By Ben Doherty
People power: Spility Langrin Lyngdoh, 81, sits in her home at Domiasiat, north-east India. The government wants her land to mine for uranium but she is refusing to sell. Photo: Ben Doherty
New power plants are being fiercely resisted by violent protest, existing ones are stricken by radiation leaks, and uranium exploration sites are plagued by reports of thievery and smuggling.
And high on a hill in a tiny corner of the country, one woman is holding out against the might of her government's will. Eighty-one-year-old Spility Langrin Lyngdoh has been here, in the village of Domiasiat in the Khasi Hills of Meghalaya, longer than modern India.
Her father bought this land decades ago – his grave is a few hundred metres from the home where she now sits – and Spility has spent almost her entire life here. She wants it to remain for her children and grandchildren and great-grandchildren.
But beneath the hills her father bought lies uranium: more than 9500 tonnes, the Indian government estimates, the "largest, richest, near-surface and low-cost sandstone-type uranium deposit discovered in India so far".
The state-run Uranium Corporation of India Limited is anxious to begin commercial mining as soon as possible. It plans two open-cut mines over 10 square kilometres. The ore is between eight and 47 metres from the surface. "Site activities are expected to start soon," the corporation says.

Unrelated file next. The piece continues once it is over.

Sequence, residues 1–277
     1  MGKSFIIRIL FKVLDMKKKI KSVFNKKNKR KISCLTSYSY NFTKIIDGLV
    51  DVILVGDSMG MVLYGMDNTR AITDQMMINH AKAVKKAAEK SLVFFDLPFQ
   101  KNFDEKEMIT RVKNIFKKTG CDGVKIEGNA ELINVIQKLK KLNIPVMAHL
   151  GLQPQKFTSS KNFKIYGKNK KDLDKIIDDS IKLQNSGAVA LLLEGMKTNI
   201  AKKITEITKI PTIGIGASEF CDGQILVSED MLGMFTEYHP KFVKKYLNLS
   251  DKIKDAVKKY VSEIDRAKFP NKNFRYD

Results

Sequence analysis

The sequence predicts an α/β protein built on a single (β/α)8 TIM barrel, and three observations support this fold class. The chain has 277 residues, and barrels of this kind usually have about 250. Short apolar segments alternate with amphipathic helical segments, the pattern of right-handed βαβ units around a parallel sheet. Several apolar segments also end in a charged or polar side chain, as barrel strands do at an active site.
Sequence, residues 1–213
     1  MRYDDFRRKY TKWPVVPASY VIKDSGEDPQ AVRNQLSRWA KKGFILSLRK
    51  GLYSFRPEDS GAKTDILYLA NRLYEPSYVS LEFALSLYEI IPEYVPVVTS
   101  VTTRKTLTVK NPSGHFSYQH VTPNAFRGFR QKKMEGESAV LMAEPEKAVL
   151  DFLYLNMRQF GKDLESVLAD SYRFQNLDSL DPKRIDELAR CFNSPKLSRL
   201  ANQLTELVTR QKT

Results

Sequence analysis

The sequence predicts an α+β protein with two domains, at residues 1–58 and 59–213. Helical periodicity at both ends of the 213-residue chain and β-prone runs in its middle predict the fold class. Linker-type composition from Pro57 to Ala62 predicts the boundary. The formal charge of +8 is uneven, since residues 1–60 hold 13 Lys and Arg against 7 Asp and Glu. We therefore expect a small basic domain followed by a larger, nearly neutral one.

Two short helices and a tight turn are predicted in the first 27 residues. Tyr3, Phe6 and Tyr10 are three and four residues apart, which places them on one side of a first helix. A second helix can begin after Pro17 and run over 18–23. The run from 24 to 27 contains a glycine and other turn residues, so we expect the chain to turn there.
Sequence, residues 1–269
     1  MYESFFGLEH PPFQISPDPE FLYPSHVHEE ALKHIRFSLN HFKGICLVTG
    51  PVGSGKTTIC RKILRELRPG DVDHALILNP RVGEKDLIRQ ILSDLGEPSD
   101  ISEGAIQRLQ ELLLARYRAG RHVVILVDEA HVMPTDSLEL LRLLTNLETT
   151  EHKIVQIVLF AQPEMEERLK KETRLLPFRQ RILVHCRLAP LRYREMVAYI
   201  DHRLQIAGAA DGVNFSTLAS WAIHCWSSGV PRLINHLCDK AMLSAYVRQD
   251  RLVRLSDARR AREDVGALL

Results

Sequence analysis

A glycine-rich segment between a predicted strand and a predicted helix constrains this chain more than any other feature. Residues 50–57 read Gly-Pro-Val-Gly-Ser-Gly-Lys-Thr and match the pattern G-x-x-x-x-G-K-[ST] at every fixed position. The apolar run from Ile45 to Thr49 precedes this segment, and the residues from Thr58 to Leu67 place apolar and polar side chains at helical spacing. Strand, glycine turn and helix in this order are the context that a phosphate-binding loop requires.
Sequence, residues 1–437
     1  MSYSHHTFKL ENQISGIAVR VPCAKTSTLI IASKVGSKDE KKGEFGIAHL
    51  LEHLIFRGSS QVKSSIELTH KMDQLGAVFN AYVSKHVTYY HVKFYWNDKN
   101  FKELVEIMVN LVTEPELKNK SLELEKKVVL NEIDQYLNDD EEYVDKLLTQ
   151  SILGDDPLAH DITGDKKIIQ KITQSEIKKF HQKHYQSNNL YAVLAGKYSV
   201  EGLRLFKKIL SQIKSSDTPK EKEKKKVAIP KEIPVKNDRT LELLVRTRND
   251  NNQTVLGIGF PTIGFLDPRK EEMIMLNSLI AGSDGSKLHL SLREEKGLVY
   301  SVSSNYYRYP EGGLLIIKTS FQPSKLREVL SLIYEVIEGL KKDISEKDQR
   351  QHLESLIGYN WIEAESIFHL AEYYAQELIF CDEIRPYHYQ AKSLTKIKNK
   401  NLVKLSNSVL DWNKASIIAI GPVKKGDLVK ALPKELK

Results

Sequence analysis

An exploratory mine site in the 1990s sat next to Spility's land. A working mine would consume it.
During the exploratory phase, the UCIL set up a camp on her land, and proposed building a road through her village to the mine. It came with a contract to sell the land.
"They asked me to sign their piece of paper," Spility says, "but I refused. This is the land of my family. I should not sell it; it is for my children and my grandchildren to stay here." Spility bargains from a position of unusual strength. She is a member of Meghalaya's Khasi tribe, from whom these hills get their name.
As a "scheduled tribe", her people are recognised under India's constitution, and are empowered with land rights no government of the day can override.
But Spility bargains alone. There were once more people in Domiasiat. The village had a school and half a dozen families. Gradually, however, they left, seeking work and education in distant cities. The school closed a few years ago, and the building has almost collapsed.
Spility's family are the only ones left. Her daughters, children, and grandchildren live in a hardscrabble collection of huts overlooking the valleys of the land they own.
Their village remains beyond roads and running water and mobile phone coverage. The government promised electricity, and, three years ago, brought poles, but no wires.
Spility sees an irony in her land being wanted to power India's mammoth nuclear generators, while she has lived eight decades without a light switch.
But as India's need for power grows, its desire for the ore beneath her feet escalates with it, and she says she feels the pressure.
"But what is money? What use do I have for it? This is the land of our people. I want the government to leave this place and never mine."
Spility says even the exploratory mining – of a few hundred tonnes compared with an operational level of 1500 tonnes a day – was dangerous. Her two adult daughters died while exploratory mining was occurring. While there is no definitive evidence to link their deaths to the mining, "I believed that it killed them", she says.
"A lot of people fell sick, a lot of people died here during that time. They got rashes over their bodies and died quickly. In the river, all the fish were found floating, dead, too."